Iran had an unusual rate of death in fall 2019 before the COVID-19 outbreak.
Iran was among the first countries to report COVID-19 infections. With 97 exported cases to 11 countries by Feb 28, it has since been the epicentre of the outbreak in the Middle East. The country has been widely accused by the media and general public for underreporting and manipulating its COVID-19 records.
Underdetection and the resulting underreporting of COVID-19 cases due to limited testing capacity is a major barrier to the effective management of the Coronavirus crisis around the world. Iran is no exception and the lack of testing capacity has limited the country’s ability to monitor and detect active COVID-19 cases, especially for those with no or mild symptoms. Like in many other countries, the true number of active and recovered cases in Iran is believed to be many times bigger than the reported numbers.
How about the death records?
Because of all the complications with testing active cases, experts have tried to gauge the burden of the outbreak using death records. Their general assumption is that the reported COVID-19 death data are reliable as most countries are capable of effectively tracking the COVID-19-driven deaths. Yet, the story is different when it comes to Iran.
The validity of Iran’s death records have been also put into question. In early March, Iran’s COVID-19 national emergency response committee decided to stop the release of deaths data registered by the National Organization for Civil Registration (NOCR). This decision raised further suspicions that Iran is trying to hide the truth.
No one knows what the truth is but curious minds still try to explore what has been happening in Iran. In the absence of reliable data, studies focusing on the COVID-19 outbreak in Iran have to rely on major assumptions and speculations. That is why some of their findings are sometimes significantly different. At the end of the day, it is impossible, at least at this point in history, to verify which study is providing the best estimation of reality.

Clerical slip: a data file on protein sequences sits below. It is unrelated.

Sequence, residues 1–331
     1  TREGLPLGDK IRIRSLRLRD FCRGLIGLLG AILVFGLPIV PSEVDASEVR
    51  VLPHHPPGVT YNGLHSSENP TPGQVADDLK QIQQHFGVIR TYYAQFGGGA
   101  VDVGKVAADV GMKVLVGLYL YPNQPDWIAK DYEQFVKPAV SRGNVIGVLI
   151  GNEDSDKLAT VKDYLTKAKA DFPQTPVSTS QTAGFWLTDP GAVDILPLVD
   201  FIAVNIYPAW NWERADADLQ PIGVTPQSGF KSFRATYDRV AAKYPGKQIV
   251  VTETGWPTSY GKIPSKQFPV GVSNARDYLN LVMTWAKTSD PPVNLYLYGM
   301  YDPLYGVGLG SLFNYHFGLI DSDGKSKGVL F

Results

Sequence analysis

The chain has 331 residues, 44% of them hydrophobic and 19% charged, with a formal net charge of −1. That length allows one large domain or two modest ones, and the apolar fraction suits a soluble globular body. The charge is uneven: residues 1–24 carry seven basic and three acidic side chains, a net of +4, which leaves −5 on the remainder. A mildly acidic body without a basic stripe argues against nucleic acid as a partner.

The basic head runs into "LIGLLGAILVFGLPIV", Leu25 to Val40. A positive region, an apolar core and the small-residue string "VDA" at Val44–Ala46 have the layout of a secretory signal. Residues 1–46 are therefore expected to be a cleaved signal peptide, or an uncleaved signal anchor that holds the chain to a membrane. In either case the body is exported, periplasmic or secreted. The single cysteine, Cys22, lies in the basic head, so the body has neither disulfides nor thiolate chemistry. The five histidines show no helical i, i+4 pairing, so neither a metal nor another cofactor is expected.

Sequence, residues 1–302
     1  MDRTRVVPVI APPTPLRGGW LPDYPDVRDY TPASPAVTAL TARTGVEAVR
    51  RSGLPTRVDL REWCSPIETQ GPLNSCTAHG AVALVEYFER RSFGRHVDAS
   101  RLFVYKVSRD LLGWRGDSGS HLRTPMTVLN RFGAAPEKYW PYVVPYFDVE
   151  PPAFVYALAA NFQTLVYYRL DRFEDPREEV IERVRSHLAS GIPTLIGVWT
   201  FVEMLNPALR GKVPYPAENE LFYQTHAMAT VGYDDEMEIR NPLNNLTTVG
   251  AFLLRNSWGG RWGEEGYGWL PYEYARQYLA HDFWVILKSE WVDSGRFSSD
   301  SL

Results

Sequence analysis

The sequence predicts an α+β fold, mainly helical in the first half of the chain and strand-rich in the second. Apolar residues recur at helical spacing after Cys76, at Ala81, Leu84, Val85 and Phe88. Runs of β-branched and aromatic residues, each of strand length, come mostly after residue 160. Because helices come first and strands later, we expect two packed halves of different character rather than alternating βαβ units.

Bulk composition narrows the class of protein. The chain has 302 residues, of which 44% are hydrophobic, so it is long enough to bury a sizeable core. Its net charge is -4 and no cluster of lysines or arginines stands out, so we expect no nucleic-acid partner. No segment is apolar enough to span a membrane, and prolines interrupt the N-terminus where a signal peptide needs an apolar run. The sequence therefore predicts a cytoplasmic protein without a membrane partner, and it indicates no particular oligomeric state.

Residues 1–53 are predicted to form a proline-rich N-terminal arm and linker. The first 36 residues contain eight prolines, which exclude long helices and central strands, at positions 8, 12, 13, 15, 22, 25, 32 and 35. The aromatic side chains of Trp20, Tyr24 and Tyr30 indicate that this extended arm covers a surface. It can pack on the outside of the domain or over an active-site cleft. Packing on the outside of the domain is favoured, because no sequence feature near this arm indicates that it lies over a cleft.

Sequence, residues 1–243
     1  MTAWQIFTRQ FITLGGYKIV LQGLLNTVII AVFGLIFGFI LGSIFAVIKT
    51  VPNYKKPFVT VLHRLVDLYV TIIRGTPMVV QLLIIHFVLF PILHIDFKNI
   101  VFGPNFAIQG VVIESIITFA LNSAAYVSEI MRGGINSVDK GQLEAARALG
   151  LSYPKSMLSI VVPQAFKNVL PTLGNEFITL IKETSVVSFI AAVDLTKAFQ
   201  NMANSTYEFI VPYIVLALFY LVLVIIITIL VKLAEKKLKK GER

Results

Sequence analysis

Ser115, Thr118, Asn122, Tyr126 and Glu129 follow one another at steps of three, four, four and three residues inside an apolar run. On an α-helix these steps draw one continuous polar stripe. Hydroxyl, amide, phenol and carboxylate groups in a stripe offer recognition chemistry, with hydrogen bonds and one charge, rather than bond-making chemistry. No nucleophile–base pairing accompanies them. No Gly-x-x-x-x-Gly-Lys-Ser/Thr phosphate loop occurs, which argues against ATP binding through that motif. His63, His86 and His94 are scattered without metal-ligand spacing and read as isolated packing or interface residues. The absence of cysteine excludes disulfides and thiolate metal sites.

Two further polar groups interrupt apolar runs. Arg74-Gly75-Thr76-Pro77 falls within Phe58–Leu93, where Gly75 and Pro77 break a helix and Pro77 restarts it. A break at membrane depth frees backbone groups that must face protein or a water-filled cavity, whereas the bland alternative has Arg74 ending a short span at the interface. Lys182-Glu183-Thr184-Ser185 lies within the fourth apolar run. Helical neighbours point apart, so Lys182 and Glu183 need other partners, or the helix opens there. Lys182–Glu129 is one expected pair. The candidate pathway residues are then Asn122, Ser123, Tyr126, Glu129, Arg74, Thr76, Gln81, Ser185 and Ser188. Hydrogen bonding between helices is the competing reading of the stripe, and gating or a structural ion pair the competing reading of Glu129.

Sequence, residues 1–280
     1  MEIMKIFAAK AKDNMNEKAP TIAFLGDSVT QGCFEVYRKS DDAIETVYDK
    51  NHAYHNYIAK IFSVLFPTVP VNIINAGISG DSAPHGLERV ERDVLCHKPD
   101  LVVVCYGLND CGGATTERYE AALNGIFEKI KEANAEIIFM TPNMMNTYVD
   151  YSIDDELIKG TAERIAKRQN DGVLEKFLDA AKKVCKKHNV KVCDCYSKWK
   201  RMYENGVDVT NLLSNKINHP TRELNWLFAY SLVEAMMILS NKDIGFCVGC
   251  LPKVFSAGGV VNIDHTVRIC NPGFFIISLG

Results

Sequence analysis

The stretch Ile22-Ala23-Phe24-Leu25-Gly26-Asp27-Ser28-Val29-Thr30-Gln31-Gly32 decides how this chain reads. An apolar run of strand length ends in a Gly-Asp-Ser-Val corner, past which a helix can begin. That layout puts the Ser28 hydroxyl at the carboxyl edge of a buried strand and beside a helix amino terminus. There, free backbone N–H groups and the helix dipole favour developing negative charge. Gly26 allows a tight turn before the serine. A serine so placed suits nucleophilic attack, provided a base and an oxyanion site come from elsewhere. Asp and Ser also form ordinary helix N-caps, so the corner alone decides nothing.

While the number of registered deaths in the past few months is still unknown, Iran’s NOCR has recently publicized the registered death records in winter (22 December 2019 to 19 March 2020). One can have different reasons to suspect the accuracy of this data. But examining the available data in search for new insights is not always a totally worthless exercise.
Where was impacted by COVID-19 in winter?
NOCR only reports seasonal deaths. So, we are only left with four time points per year. The data does not tell us about the death causes. So, we do not know if people have died due to cancer, heart attack, accident, suicide, COVID-19, another virus, or other reasons. To explore the COVID-19 impact, we can only examine if death patterns have behaved differently from the past. In other words, we need to search for patterns of excess mortality across the country.
By comparing the deaths during last winter to the 5-year average death in winter for each province, we detect a clear COVID-19 outbreak signal. Qom, Gilan (Guilan), Mazandaran, Golestan, and Alborz provinces that were reportedly hit very hard by COVID-19 showed a sharp rise in excess mortality.
The winter excess mortality was over 20% in Alborz, 30% in Golestan and Mazandaran, 40% in Gilan, and 50% in Qom, with Gilan having the highest rise in terms of the absolute number of excess deaths (1,475 excess deaths compared to last year). Tehran did not have a significant percentage increase in mortality due to its large population even though the absolute number of excess mortality in this province (1,032 people) was not insignificant.
Iran reported 1,433 COVID-19-related deaths till the end of its winter season (before Nowruz, the Persian new year) whereas total excess mortality across the country during winter compared to last year was 4,565 people with 3,846 of that belonging to Alborz, Golestan, Mazandaran, Gilan, and Qom provinces. The winter excess deaths cannot be entirely attributed to COVID-19. But, if valid, the NOCR data clearly suggests that these provinces have severely suffered from the COVID-19 outbreak during winter while there was no significant COVID-19 impact on other provinces.